There are a few different reasons why motorcycles click when you try to start them, but knowing what causes these problems in the first place can help us prevent their issues from happening again.

The battery can lose its charge when left on for too long or between uses. If you have lights that need to stay lit, ensure they’re turned off before storing your bike so the batteries don’t continue draining.

You can’t always tell when your motorcycle battery is running low or has died, but some warning signs will make you realize it’s time for an upgrade. 

The first sign might be a parasitic drain, which usually happens because poorly grounded wires make the cell slowly lose power over years without knowing it. 

In addition, poor maintenance practices such as not winterizing go hand with freezing bikes during cold weather, damaging their ability to perform properly.

You may think your motorcycle starter is doing fine when it’s just about to fail. A bike motor’s life span can be between 100-500 miles, depending on how often you ride and what conditions are like where they live (hot or cold). 

If you don’t change your motorcycle’s oil often enough, it can cause major problems. The most common issue is the lack of lubrication, which leads to seizing and starting issues because motorcycles have little space for engine parts without being covered in rust.

It also overheats due to poor maintenance or sitting around with no activity for an extended period which causes excessive corrosion inside the carborundum housing where pedals turn against each other. 

How To Fix A Clicking Motorcycle When Trying To Start It

The two most likely causes for clicking motorcycles are easily fixable. With some, you should be able to get back on the road in no time.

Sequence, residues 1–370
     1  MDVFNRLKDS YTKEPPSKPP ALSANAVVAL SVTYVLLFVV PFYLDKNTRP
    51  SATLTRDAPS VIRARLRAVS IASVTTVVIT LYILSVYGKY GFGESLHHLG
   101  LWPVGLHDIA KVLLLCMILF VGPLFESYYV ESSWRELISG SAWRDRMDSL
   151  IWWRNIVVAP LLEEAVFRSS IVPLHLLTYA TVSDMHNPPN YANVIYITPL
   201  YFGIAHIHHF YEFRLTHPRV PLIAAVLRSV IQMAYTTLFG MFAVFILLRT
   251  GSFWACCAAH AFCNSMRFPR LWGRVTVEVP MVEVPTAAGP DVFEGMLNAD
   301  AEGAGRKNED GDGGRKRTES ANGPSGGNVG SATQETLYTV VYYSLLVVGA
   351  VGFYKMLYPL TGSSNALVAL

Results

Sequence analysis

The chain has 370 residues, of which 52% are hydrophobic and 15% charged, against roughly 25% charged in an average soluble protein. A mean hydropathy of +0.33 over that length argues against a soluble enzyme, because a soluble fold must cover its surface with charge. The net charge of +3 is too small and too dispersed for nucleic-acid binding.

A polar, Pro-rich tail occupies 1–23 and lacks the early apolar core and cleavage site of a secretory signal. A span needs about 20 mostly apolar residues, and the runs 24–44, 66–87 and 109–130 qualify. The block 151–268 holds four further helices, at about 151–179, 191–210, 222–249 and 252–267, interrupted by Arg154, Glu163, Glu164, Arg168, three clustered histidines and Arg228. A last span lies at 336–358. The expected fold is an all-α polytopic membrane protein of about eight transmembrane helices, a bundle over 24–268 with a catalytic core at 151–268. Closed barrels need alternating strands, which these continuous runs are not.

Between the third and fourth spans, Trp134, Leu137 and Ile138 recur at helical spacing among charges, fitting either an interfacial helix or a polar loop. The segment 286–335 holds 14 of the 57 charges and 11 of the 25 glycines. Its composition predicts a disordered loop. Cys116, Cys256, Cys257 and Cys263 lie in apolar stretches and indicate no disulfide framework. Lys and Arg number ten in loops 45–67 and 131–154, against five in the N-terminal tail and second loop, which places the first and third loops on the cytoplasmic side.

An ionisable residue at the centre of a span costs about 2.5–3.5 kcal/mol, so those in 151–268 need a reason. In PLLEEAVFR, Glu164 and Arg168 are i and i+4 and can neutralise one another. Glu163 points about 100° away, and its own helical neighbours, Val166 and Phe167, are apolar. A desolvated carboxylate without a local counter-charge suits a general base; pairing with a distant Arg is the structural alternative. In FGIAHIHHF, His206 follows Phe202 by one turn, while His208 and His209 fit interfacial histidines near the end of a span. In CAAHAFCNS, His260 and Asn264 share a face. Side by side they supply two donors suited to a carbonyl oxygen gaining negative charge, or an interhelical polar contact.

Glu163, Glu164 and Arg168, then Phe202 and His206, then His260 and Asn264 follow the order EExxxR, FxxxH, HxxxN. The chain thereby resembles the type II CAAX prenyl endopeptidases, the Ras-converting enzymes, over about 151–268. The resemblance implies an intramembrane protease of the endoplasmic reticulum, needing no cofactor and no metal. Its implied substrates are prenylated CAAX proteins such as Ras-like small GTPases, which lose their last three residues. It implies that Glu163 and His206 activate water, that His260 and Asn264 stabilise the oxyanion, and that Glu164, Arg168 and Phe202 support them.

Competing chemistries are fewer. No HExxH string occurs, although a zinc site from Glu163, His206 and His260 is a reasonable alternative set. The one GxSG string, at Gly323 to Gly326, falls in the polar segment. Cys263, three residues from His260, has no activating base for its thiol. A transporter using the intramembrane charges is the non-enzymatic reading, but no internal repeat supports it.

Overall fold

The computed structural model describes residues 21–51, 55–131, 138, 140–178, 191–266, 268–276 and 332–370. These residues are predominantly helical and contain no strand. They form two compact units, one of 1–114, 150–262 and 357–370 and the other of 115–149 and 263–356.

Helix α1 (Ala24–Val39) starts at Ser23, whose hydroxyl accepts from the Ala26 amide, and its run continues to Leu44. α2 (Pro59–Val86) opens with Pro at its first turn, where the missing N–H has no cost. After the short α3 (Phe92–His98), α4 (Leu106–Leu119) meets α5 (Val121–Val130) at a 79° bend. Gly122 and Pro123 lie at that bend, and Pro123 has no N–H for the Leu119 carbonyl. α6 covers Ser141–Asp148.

If your motorcycle battery won’t start, there’s a good chance it’s because of the charge. To get things going again, you’ll have to wait 8-20 hours for charging time, which can be inconvenient, if not impossible, during work hours or on busy days.

If you hear that clicking sound when charging your battery, take it in for testing at an automotive store.

You can’t just assume that because your volt gauge says 12.6 volts, there’s currently running through the battery and thus enough power for you to start up on a motorcycle.

Related: Symptoms Of A Bad Motorcycle Stator

How To Prevent Clicking

To ensure your motorcycle is operating at its peak efficiency, it’s important not to use any electrical components on the bike while off for an extended period. 

You should also connect a battery tender if you will be sitting around longer than necessary before riding again- this can help reduce strain & assist with winterizing procedures.

When it comes time for your starter, there’s not much you can do to prevent its aging. You’ll want to ensure that if you constantly crank longer than what is needed when starting a motorcycle, this will result in a shorter lifespan from the motor itself.

The most important thing you can do for your engine is keeping it well-oiled. Old or lack of motor oils will cause seize, making starting up impossible, so make sure that when the time comes around again, just like any other regular maintenance task – carry out an oil change.

Jim Harmer

I am Jim Harmer and I am in love with the outdoors. I share all the information I know on all activities I like doing in my home in this website. You are welcome to read and reach out for more information.